Laparoscopy has many benefits. There is less pain after laparoscopic surgery than after open abdominal surgery, which involves larger incisions, longer hospital stays, and longer recovery times. Recovery from laparoscopic surgery generally is faster than recovery from open abdominal surgery. The smaller incisions that are used allow you to heal faster and have smaller scars. The risk of infection also is lower than with open surgery.What are the risks associated with laparoscopy?
Laparoscopy can take longer to perform than open surgery. The longer time under anesthesia may increase the risk of complications. Sometimes complications do not appear right away but occur a few days to a few weeks after surgery. Problems that can occur with laparoscopy include the following:
- Bleeding or a hernia (a bulge caused by poor healing) at the incision sites
- Internal bleeding
- Damage to a blood vessel or other organ, such as the stomach, bowel, bladder, or ureters
For what surgical procedures can laparoscopy be used?
Tubal sterilization can be done using laparoscopy. Laparoscopy also is one of the ways that hysterectomy can be performed. In a laparoscopic hysterectomy, the uterus is detached from inside the body. It can be removed in pieces through small incisions in the abdomen or removed in one piece through the vagina.
What problems can laparoscopy be used to diagnose and treat?
Laparoscopy may be used to look for the cause of chronic pelvic pain, infertility, or a pelvic mass. If a problem is found, it often can be treated during the same surgery. Laparoscopy also is used to diagnose and treat the following medical conditions:
- Endometriosis—If you have signs and symptoms of endometriosis and medications have not helped, a laparoscopy may be recommended. The laparoscope is used to see inside your pelvis. If endometriosis tissue is found, it often can be removed during the same procedure.
- Fibroids—Fibroids are growths that form inside the wall of the uterus or outside the uterus. Most fibroids are benign(not cancer), but a very small number are malignant (cancer). Fibroids can cause pain or heavy bleeding. Laparoscopy sometimes can be used to remove them.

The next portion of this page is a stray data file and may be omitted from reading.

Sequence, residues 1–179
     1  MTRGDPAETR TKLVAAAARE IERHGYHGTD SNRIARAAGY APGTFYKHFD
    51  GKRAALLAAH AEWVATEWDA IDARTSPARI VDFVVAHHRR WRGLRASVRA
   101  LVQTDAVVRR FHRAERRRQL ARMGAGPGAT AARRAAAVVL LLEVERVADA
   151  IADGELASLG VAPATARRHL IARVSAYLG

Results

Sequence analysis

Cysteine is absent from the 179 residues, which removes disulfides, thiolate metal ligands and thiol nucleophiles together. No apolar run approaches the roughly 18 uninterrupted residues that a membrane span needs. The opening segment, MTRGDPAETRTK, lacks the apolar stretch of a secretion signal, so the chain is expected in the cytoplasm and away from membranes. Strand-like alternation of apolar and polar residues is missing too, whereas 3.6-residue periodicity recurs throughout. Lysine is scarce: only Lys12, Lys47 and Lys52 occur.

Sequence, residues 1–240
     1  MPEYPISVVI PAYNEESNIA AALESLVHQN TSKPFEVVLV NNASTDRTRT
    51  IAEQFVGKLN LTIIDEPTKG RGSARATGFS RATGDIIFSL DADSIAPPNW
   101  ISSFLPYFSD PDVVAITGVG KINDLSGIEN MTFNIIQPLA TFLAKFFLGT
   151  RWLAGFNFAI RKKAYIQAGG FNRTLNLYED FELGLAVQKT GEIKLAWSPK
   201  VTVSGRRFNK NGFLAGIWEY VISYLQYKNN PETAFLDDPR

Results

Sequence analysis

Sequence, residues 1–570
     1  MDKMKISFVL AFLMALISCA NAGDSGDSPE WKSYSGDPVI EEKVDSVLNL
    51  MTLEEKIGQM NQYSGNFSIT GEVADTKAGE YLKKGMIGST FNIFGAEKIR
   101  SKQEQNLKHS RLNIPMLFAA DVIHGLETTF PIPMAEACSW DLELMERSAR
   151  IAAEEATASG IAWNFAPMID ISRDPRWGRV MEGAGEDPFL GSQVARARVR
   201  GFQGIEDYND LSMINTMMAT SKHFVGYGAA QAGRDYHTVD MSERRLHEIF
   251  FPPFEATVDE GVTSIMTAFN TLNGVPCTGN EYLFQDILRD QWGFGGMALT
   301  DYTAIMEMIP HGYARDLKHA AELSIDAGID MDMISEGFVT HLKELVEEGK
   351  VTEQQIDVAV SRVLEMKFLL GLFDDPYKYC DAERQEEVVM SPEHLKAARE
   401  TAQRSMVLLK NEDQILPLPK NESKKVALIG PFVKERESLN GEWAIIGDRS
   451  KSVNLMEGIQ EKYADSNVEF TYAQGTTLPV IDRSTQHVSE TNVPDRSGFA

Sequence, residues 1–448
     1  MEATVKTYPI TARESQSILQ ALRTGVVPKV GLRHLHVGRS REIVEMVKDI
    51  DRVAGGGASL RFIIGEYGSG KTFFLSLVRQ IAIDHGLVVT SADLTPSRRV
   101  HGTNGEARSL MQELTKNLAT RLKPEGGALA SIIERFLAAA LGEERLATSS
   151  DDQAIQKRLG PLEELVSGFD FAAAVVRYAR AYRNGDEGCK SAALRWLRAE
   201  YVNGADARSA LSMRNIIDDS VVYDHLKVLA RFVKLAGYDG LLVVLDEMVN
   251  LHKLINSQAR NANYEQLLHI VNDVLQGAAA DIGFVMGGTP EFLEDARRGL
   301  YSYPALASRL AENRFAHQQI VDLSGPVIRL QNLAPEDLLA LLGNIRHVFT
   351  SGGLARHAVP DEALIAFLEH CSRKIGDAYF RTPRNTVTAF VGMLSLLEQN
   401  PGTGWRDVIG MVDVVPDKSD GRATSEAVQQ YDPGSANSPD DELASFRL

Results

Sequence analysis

- Ovarian cyst—Some women have cysts that develop on the ovaries. The cysts often go away without treatment. But if they do not, your ob-gyn may suggest that they be removed with laparoscopy.
- Ectopic pregnancy—Laparoscopy may be done to remove an ectopic pregnancy.
- Pelvic floor disorders—Laparoscopic surgery can be used to treat urinary incontinence and pelvic organ prolapse.
- Cancer—Some types of cancer can be removed using laparoscopy.
What kind of pain relief is used during laparoscopy?
Laparoscopy usually is performed with general anesthesia. This type of anesthesia puts you to sleep. Regional anesthesia is used instead of general anesthesia in some situations. This type of anesthesia blocks feeling in a region of your body—such as the area below your waist—so that no pain is felt.
What happens during the procedure?
After you are given anesthesia, a small incision is made in or below your navel or in another area of your abdomen. The laparoscope is inserted through this small incision. During the procedure, the abdomen is filled with a gas. Filling the abdomen with gas allows the pelvic reproductive organs to be seen more clearly. The camera attached to the laparoscope shows the pelvic organs on a screen. Other small incisions may be made in the abdomen for surgical instruments. Another instrument, called a uterine manipulator, may be inserted through the vagina and cervix and into the uterus. This instrument is used to move the pelvic organs into view.
What happens after the procedure?
After the procedure, the instruments and most of the gas are removed. The small incisions are closed. You will be moved to the recovery room. You will feel sleepy for a few hours. You may have some nausea from the anesthesia. If you had outpatient surgery, you will need to stay in the recovery room until you can stand up without help and empty your bladder. You must have someone drive you home. You usually can go home the same day. More complex procedures, such as laparoscopic hysterectomy, may require an overnight stay in the hospital.
What should I expect during recovery?
For a few days after the procedure, you may feel tired and have some discomfort. You may be sore around the incisions made in your abdomen and navel. The tube put in your throat to help you breathe during the surgery may give you a sore throat. Try throat lozenges or gargle with warm salt water. You may feel pain in your shoulder or back. This pain is from the small amount of gas used during the procedure that remains in your abdomen. It goes away on its own within a few hours or days. If pain and nausea do not go away after a few days or become worse, you should contact your ob-gyn.
How soon after laparoscopy can I resume my regular activities?
Your ob-gyn will let you know when you can get back to your normal activities. For minor procedures, it is often 1–2 days after the surgery. For more complex procedures, such as hysterectomy, it can take longer. You may be told to avoid heavy activity or exercise.
What signs or symptoms should I watch out for after laparoscopy?
Contact your ob-gyn right away if you have any of the following signs or symptoms:
- Pain that is severe or gets worse
- Heavy vaginal bleeding
- Redness, swelling, or discharge from the incision
- Inability to empty your bladder
Benign: Not cancer.